The shoebill stork (Balaeniceps rex) also known as whalehead, whale-headed stork, or shoe-billed stork, is a large, prehistoric-looking bird named for its clogged-shaped bill used for catching fish - particularly the lungfish. These birds are not widespread, found in only small regions of one continent. They have specific habitat requirements, which contribute to their critically endangered status.
Shoebills only inhabit freshwater wetlands and swamps in east-central Africa. The majority of shoebill populations live in wetland areas in South Sudan, Uganda, Tanzania, and northeastern Zambia.
Populations of these unique birds are, unfortunately, diminishing. Globally, only an estimated 5,000-8,000 shoebills are believed to exist. Their decline is primarily due to the loss of already limited habitat. We will discuss the habitat and conservation status of the shoebill in further detail throughout the article.
One of the best places to see Shoebill Storks is in Uganda
The distribution range of the shoebill stork is quite small. These birds are native to the marshlands of east-central Africa, occurring around the White Nile Sudd in South Sudan, the Malagarasi wetlands of Tanzania, northern Uganda, Zambia, and the eastern Democratic Republic of the Congo.
Shoebill stork habitat primarily includes extensive wetlands and marshes that contain papyrus, cattails, reeds, and grasses. The stork will also inhabit marshy lakes and floodplains that do not grow papyrus, such as the Malagarasi wetlands in Tanzania.
Shoebills require floating vegetation islands or mats (referred to as sudd) for nesting and fishing, particularly when residing in areas where the water is deep. They will also hunt in open areas, water channels, and occasionally rice fields.
Fish are the primary food source for these storks, typically captured as they surface for air. Lungfish and catfish are among the most common species eaten by the shoebill - other fish, reptiles, amphibians, and occasionally rodents are also frequently consumed.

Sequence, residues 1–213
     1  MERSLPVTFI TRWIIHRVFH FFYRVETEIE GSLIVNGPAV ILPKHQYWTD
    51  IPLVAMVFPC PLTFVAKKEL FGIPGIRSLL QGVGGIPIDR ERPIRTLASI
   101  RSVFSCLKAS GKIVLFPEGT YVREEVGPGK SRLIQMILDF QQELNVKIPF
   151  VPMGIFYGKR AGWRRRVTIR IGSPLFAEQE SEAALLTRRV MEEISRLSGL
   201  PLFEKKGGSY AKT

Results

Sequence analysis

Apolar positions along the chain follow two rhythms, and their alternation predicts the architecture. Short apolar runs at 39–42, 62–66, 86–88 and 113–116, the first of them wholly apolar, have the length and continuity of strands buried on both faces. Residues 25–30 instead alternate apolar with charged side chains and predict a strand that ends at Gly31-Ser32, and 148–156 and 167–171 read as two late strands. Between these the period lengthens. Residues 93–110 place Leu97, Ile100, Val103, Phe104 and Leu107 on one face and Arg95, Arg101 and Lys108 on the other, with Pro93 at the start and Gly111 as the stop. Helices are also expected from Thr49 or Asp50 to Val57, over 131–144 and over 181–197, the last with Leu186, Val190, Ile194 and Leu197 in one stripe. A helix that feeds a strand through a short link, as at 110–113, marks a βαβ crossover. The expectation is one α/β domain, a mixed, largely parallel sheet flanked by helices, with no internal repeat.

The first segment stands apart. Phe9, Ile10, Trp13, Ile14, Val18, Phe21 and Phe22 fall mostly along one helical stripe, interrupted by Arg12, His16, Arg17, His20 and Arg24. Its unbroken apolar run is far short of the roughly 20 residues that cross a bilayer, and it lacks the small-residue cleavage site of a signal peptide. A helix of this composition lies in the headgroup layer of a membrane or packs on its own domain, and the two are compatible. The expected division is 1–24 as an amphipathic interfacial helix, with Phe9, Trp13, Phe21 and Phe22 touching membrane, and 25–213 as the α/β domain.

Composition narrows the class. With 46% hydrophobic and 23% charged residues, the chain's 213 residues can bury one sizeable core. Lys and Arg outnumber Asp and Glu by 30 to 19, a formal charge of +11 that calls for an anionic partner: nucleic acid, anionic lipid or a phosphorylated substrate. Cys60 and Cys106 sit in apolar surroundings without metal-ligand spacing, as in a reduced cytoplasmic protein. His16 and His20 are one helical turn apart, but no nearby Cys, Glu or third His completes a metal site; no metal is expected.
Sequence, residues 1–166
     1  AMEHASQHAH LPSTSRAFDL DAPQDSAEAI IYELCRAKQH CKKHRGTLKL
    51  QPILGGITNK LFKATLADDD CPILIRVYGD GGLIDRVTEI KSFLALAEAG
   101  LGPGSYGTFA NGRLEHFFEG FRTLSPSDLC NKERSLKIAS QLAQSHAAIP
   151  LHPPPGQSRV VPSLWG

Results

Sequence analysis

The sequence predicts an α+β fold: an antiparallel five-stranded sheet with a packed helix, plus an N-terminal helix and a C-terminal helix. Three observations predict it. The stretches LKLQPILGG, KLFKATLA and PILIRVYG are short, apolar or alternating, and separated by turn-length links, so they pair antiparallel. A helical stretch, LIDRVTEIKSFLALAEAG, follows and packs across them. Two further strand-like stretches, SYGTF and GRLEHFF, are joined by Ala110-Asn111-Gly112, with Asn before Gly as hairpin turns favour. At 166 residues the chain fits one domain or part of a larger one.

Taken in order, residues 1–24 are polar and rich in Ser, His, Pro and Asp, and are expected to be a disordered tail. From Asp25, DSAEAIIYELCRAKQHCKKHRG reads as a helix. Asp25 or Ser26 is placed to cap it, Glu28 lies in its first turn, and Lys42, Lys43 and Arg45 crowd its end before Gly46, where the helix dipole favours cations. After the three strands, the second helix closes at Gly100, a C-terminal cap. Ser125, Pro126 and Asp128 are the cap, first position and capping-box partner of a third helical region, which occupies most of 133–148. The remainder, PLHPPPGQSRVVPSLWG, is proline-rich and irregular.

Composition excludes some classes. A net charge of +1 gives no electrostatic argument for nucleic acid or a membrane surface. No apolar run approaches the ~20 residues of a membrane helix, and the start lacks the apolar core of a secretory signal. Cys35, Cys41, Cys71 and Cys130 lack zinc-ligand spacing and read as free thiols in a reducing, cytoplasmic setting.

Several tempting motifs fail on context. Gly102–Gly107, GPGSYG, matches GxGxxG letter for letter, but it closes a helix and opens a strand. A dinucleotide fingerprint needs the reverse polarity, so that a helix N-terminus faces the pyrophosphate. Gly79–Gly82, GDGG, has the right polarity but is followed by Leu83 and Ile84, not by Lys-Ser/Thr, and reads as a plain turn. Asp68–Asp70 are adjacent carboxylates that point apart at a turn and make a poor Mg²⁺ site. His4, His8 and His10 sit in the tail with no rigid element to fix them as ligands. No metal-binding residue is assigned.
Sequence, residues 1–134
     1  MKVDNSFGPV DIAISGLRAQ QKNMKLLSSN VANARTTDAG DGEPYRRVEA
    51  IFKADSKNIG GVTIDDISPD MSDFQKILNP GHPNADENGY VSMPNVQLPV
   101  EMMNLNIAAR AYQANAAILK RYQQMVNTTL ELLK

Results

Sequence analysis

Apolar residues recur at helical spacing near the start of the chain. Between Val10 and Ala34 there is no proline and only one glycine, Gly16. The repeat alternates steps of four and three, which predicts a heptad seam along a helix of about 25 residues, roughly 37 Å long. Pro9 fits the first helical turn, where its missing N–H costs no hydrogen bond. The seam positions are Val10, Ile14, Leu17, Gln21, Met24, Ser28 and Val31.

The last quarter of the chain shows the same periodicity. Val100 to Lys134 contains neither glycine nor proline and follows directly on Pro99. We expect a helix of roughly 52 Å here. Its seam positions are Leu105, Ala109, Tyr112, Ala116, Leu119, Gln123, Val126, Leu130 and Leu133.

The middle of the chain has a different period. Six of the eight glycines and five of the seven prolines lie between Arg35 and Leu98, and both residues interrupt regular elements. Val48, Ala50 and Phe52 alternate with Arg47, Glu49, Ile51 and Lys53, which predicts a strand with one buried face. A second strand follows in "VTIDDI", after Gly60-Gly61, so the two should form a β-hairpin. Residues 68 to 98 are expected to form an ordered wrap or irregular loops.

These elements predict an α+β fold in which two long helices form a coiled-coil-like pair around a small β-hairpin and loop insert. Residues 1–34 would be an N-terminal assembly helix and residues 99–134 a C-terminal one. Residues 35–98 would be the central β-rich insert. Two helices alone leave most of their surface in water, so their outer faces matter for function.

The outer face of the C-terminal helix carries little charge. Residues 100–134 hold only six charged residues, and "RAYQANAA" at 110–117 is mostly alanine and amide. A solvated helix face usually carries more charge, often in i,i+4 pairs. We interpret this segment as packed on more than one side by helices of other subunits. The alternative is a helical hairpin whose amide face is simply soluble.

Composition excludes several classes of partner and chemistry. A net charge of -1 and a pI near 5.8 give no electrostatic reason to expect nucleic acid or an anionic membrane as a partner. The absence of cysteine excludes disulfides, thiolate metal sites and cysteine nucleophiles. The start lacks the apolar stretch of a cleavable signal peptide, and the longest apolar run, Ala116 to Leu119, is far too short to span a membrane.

Shoebill Stork taking off with fish in its beak
Seeing the critically endangered shoebill stork in the wild is a rare opportunity. The birds are confined to relatively small and remote regions of east Africa. There are opportunities to see these birds in captivity - a few zoos have small populations of three or four shoebills.
Shoebill storks are not native to and do not occur in the United States in the wild. However, there are a few in captivity at zoos. The only place in the US where people can see shoebill storks is Zoo Tampa - in Tampa, Florida.
Shoebill Stork tossing a fish in the air
The shoebill stork is most common amongst the freshwater papyrus swamps of South Sudan in east-central Africa. They also live in the marshlands of northern Uganda, western Tanzania, northern Zambia, and the Democratic Republic of the Congo.
The best place to see a shoebill stork is Uganda. The freshwater lakes and swamps in these regions provide the foraging and nesting habitat preferred by this species. The shoebill is particularly popular around the River Nile and Lake Albert.
These special storks are a sight to behold in the wild. Adults can reach nearly 5 feet tall and weigh around 11 pounds. They look as if they stepped right out of Jurassic times into the world we know today. The shoebill is usually silent but occasionally gives a startling, raucous cry that sounds particularly prehistoric.
A pair of Shoebills in Uganda
Shoebill storks are non-migratory. They remain in or near their nesting habitats during winter and throughout all seasons. These birds exhibit minimal seasonal movements in general, only moving when food becomes scarce or when habitat is disturbed.
The shoebill stork is primarily a sedentary species. They remain in their extensive freshwater swamp and floodplain habitats throughout east-central Africa year-round. There is evidence of short-distance movements between breeding and feeding grounds or during changes in water level. Otherwise, the stork only moves when displaced from its habitat.
Close up portrait of a Shoebill Stork
Shoebill storks are diurnal, meaning they forage during the day and rest at night. Because these birds often live in areas where water levels are high, they sleep on floating vegetation in the marsh or wetlands.
Shoebill storks are considered critically endangered. They have specific habitat requirements, including their partial dependence on papyrus wetlands. The stork's population trends are negative due to disturbance and habitat destruction throughout its limited range.
The spread of agricultural development is the primary source of habitat loss for Shoebill Storks. Wetlands are drained and papyrus burned to create pasture for grazing livestock. Livestock and human disturbance are key causes of nesting failure in wetland habitat that has not yet been removed. Nest trampling is also a problem affecting the shoebill.
Because the shoebill is a unique and sensitive species, they are highly sought after to trade. Chicks are taken from nests in the wild and often sold to zoos. Perhaps some have good intentions, hoping to help rehabilitate the population. Unfortunately, there is only one known case of this species breeding successfully in captivity.
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